For this week’s parenting topic, we’re taking a look at vitamin D and your baby – while at a pre-natal class recently we’d heard that supplementation was advised right from birth, which triggered some alarms, since many vitamin D supplements aren’t vegan friendly. With that, we turned to the Council of Vegan Parents and the internet (have you tried that thing? It’s awesome!) for answers!
First, an overall disclaimer – not to weasel out of anything that appears below, but you really shouldn’t get your health and nutrition information from Some Guy On The Internet. Everything that looks like science in this article came via guidance from the National Institutes of Health in the USA and Health Canada, and I encourage you to follow those two links for the current state of vitamin D recommendations. As with all of our parenting columns, I reached out to the Council of Vegan Parents, but for this one I used their input as background on what a decent subset of the vegan parenting population was doing.
Secondly, even if you don’t have kids, this article might be pretty important, since most of it has to do with availability and requirements in everyone, but we’re paying more attention to infants, is all.
Why does any of this matter?
It turns out that vitamin D has been linked with a lot more than rickets, which was the primary concern when it was added to cow’s milk in the USA in the 1930’s. Research is suggesting links between vitamin D deficiency and issues including cancer, multiple sclerosis, diabetes, hypertension, depression, and possibly even autism.
What’s more, there’s been growing concern that current “acceptable” levels of vitamin D in the body are actually significantly lower than some new suggested levels that are going around.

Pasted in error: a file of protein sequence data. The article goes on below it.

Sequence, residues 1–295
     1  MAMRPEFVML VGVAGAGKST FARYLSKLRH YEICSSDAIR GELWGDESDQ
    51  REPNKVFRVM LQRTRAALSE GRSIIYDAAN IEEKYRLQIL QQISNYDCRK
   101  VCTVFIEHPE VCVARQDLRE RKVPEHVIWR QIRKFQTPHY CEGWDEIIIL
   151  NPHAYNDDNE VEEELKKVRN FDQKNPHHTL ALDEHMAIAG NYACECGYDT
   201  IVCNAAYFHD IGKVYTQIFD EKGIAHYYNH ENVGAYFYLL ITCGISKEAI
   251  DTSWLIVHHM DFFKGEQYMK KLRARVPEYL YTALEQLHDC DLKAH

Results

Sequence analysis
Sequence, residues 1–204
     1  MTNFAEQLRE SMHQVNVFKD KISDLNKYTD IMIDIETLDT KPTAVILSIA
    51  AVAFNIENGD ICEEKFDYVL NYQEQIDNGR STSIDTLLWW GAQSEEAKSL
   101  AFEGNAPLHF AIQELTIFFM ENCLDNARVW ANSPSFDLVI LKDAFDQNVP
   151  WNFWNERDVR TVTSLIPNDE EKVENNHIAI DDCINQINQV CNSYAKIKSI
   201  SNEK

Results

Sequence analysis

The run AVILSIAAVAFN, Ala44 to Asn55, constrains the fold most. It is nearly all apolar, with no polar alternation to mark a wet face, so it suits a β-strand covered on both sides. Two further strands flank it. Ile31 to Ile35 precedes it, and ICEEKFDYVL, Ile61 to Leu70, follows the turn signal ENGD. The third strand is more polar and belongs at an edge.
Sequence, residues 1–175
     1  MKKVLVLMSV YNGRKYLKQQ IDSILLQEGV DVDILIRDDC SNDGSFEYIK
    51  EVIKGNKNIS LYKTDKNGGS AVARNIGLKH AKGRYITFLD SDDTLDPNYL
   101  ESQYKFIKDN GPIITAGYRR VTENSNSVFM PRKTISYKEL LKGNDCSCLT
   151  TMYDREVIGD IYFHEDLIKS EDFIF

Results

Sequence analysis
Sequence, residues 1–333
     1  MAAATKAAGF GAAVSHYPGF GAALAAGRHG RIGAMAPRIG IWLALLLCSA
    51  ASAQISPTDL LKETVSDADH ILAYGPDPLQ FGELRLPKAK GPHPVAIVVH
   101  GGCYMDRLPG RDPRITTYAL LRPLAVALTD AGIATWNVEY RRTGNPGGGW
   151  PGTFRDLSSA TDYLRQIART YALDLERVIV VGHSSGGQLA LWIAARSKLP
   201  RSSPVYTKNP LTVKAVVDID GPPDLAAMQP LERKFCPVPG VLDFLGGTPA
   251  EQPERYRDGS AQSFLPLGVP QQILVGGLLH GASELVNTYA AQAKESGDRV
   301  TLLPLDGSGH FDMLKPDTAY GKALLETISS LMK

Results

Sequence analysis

This isn’t just a vegan problem, by the way – while there are some non-vegan foods with vitamin D in them (either naturally or through fortification,) the percentage of the North American population that’s deficient (by current or proposed guidelines) is much higher than the percentage of the population that’s vegan.
Is sunlight enough?
Worldwide, sunlight is the primary source of vitamin D: your skin synthesizes it after absorbing ultraviolet B radiation from the sun. With that said, there are a number of factors that need to be considered before we all start praying to the sun god for all our (and our baby’s) needs:
First and foremost would be the conflict between the “absorb sunlight” and “don’t expose your baby to sunlight” recommendations. The American Academy of Pediatrics recommends keeping babies out of direct sunlight for the first six months. I’ve seen many other (non-medical) sources saying that five or ten minutes a day isn’t a problem, and might be enough to synthesize enough vitamin D, but I haven’t done enough research on the topic to do more than repeat the AAP recommendation.
Even with sunlight, depending on where you live it might not be enough through the entire year. The NIH says that, in the USA, you need to live below 34 degrees North latitude (which stretches from Los Angeles, California through Columbia, South Carolina) to be able to use sunlight as a sole source year round. In other regions, a window from November through February (or larger) is a “dead zone” for sufficient sunlight.
Skin pigmentation is also a factor: paler skin absorbs UV radiation faster than darker skin does, which means that darker skinned people (both adults and infants) need to spend more time in the sun for the same dosage – up to 10 to 20 times as much, according to the Health Canada information.